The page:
In case you are unaware, foreign vehicles, say from France or Germany can be brought into U.K. for a period of 6 months or 12 months. However, there are certain rules and regulations which you must abide with. Amongst them are:

i) All taxes (including excise duty) must be paid in its country of origin.

ii) Registered vehicles in the U.K. should display the vehicle excise license.

iii) All vehicles over 3 years old should be submitted to the Road Transport Authority for an examination or test.

I have done an extensive article for all your driving requirements in the U.K. Especially, for my fellow Malaysians who intend to drive in the United Kingdom.

It is not possible in any article to touch upon every aspect you may face in a foreign country. For that, I do apologies.

However, if you should face any problems not covered by this article, you are advised to contact the D.V.L.A. at Swansea, England, for their assistance.

Happy and safe driving to all drivers, especially Malaysian origins in the United Kingdom!

By | 2010-10-16T10:31:03+08:00 June 9th, 2010|Driving Tips|8 Comments

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  1. Alamk June 15, 2010 at 3:19 pm - Reply

    HI Cikgu,
    I am from Pakistan working in Cyberjaya. I am driving in Pakistan since 2001 and have local license there.

    I applied for my driving license and received a strange comments from JPJ today (15-06-2010) saying that they reject my appllication because i do not fall in the Critical skills list and further they say that i can drive if i have my original license and Letter for Pakistan Embassy. I asked the person at JPJ how will Police know about this so they say you can buy a book of driving code and refer section 28.

    I want to ask you is this true and if so why then anyone need to apply for Malaysian Drivers license and also why did they take my application if i was not eligible :S

    Please advise

  2. Visa June 22, 2010 at 1:44 pm - Reply


    I am foreigner. I would like to get the Driving license. I am working here. So please guide me how can I obtain the license. At the same time I dont know driving also.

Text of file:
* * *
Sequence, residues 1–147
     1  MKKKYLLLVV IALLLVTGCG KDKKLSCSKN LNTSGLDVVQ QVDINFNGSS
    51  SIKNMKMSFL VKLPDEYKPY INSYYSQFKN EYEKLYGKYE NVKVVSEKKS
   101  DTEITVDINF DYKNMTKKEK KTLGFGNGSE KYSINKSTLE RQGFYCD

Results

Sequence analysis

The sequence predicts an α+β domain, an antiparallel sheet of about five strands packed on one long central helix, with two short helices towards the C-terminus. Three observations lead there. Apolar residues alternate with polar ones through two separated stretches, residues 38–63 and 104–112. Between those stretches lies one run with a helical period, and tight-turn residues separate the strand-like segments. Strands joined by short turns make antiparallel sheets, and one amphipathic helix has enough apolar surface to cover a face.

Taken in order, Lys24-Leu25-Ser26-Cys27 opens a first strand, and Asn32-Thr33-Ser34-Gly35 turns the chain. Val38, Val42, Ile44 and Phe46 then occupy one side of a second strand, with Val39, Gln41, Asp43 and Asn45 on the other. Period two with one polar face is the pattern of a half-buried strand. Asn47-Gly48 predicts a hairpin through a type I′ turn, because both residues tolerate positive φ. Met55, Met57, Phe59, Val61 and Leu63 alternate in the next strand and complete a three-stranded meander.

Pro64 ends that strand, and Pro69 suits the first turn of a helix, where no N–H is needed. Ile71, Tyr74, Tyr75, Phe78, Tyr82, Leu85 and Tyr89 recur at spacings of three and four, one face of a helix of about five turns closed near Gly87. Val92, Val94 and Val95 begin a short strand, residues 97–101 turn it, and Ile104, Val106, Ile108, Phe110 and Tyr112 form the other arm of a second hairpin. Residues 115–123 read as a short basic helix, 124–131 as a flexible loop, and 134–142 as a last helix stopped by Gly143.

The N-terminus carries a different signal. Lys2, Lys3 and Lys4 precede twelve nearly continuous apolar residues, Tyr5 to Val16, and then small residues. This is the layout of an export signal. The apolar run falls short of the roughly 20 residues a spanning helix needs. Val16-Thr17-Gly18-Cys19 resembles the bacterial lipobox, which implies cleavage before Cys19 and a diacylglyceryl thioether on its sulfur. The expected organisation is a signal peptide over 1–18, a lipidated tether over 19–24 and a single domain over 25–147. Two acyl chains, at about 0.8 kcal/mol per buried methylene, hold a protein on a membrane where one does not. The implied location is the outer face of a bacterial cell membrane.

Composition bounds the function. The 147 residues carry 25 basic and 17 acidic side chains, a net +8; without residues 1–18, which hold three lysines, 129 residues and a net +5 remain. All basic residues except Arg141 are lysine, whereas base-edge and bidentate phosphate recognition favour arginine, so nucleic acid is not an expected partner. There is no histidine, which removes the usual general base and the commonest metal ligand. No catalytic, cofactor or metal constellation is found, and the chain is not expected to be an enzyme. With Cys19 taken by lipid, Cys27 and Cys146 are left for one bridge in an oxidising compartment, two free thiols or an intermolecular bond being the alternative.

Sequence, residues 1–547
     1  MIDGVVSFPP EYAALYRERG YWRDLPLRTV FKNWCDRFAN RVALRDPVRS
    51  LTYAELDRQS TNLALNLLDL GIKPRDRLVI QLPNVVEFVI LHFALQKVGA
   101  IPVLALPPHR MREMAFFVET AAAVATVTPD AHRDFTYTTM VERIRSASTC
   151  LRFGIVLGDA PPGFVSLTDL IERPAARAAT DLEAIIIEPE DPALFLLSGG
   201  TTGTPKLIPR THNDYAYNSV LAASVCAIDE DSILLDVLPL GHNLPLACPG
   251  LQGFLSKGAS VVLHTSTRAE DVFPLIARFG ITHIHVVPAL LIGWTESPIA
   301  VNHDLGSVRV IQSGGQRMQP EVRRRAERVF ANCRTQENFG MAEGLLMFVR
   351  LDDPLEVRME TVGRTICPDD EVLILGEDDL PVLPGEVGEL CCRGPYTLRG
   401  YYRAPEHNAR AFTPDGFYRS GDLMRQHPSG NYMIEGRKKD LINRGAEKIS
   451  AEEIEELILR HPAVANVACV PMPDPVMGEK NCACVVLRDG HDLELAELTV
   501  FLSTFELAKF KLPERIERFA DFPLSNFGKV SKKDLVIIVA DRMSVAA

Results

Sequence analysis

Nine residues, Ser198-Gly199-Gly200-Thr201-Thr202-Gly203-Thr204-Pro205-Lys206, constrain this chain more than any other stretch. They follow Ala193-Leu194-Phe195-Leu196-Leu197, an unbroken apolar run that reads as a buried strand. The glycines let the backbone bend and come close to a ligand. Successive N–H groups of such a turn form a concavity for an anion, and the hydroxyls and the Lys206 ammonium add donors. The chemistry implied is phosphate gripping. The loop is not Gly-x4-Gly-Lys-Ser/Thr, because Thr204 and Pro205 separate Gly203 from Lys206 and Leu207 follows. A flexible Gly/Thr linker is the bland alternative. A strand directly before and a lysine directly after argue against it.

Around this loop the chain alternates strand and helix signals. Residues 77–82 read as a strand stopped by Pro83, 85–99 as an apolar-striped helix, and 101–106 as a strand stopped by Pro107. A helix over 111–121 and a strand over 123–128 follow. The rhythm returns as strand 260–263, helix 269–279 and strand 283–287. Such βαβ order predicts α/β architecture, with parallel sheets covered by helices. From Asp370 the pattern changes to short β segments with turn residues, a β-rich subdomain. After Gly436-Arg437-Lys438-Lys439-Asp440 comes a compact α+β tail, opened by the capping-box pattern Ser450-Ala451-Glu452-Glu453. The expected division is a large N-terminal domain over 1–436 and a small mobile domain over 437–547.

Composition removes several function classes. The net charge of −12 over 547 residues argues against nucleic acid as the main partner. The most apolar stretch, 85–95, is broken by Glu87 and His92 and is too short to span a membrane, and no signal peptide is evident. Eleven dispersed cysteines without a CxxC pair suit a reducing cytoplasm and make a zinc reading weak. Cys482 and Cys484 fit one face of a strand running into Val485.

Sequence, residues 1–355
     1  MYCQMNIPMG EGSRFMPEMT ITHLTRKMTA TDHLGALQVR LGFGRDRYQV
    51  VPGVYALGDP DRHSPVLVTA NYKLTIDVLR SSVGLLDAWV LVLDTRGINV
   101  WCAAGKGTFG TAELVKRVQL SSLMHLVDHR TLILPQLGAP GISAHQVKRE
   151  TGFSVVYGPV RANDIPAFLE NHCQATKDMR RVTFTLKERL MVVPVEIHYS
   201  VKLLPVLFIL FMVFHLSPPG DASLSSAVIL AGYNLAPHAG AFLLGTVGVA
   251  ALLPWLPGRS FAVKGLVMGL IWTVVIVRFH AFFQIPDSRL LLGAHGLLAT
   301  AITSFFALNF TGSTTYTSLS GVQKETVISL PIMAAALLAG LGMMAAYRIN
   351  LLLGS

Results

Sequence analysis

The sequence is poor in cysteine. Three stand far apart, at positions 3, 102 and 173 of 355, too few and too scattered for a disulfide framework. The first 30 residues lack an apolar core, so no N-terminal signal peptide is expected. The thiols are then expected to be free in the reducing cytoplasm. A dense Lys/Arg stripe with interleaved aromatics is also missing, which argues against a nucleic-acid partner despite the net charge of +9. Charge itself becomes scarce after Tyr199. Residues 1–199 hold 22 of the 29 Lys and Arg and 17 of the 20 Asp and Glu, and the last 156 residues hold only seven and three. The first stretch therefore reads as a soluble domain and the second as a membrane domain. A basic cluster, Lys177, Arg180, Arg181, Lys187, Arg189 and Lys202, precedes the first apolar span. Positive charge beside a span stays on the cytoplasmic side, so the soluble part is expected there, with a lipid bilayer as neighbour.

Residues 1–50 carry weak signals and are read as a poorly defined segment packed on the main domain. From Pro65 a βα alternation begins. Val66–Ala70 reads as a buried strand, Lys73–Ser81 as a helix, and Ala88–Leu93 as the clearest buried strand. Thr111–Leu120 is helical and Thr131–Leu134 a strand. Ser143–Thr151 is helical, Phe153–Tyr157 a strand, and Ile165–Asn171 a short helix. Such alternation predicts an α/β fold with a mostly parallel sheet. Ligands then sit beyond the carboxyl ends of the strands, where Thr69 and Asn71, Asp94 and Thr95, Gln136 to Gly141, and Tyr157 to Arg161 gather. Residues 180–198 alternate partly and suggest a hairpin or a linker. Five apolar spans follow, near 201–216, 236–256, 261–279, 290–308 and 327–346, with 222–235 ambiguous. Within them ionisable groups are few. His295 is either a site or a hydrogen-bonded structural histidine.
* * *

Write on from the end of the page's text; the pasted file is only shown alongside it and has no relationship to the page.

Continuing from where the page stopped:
3. sasa July 8, 2010 at 1:05 pm - Reply

    Hi Cikgu Yap,

    I am currently studying in Melbourne. Have obtained an international licence last year which is only valid for one year and will be expiring soon. Would I be able to renew my international licence online or at the malaysia consulate in perth? or do I have to bring it back to Malaysia to renew my licence?

    • Cikgu Yap July 10, 2010 at 11:46 am - Reply

      IDL is for 1 year only. You cannot renew it overseas or at Malaysian consulate / embassy. Either come home personally or send it back to get someone to get it renewed.

  4. Kelvin L October 14, 2010 at 12:36 pm - Reply

    Hello Cikgu Yap, it is nice to read your articles on driving. Keep up the good work!

    I received my license in 2000 but did not drive much as I felt Malaysian roads are just too dangerous. However, I am now in Germany and have just gotten my EU driver’s license 3 months ago and have started discovering my lost interest of driving again!

    I really like to know your thoughts on the Malaysian curriculum (pros and cons). I’ll share some of the German driver’s curriculum here.

    1. To get a passenger car license (B) under 3.5 tonnes one has to be min 18 yrs old (17 yrs old for accompanied driving)
    2. I have to take a first aid course and pass an eye exam.
    3. I then have to undergo 14×1.5 hrs of theory classes covering a wide range of traffic safety, rules and basic vehicle maintenance.
    4. While doing that, I underwent practical training with the instructor. It covers city driving, country road driving, highway driving, night-time driving, parking etc. I did a total of almost 16 hrs (I’m not sure of the min required but I had driving experience)
    5. Theory exam consists of 30 questions with a total of 110 marks, to pass we cannot have more than a deduction of 10 marks and not made out of 2 5 mark questions.
    6. Practical exam is min of 45 mins, instructor sits on passenger seat, examiner on back seat. Examiner gives directions on where to go and there is no fixed route. Exam can and will consist of highway driving, city driving, parking etc.
    7. If all goes well, you get the license!

    So do you think there should be a change of the syllabus in Malaysia? I am curious because due to my Malaysian license, I am not allowed to drive here but my Singaporean friends need to only pay 50 euros and get a full EU license.

    Also I have a question: What is the speed limit in city limits in Msia, housing area and country roads?

    In Germany, 50km/h in city inner limits, 30km/h in some housing areas, country roads 100km/h (unless otherwise specified). Autobahn recommended 130km/h with min 60km/h.

    Feel free to email me.


    • Cikgu Yap October 17, 2010 at 7:27 am - Reply

      Your sharing with all German curriculum is both interesting and information. Thank you.

      There certainly should be a change of syllabus in Malaysia. It’s unfortunate, but certain European nations do not accept Malaysian licenses. It’s said to be below par.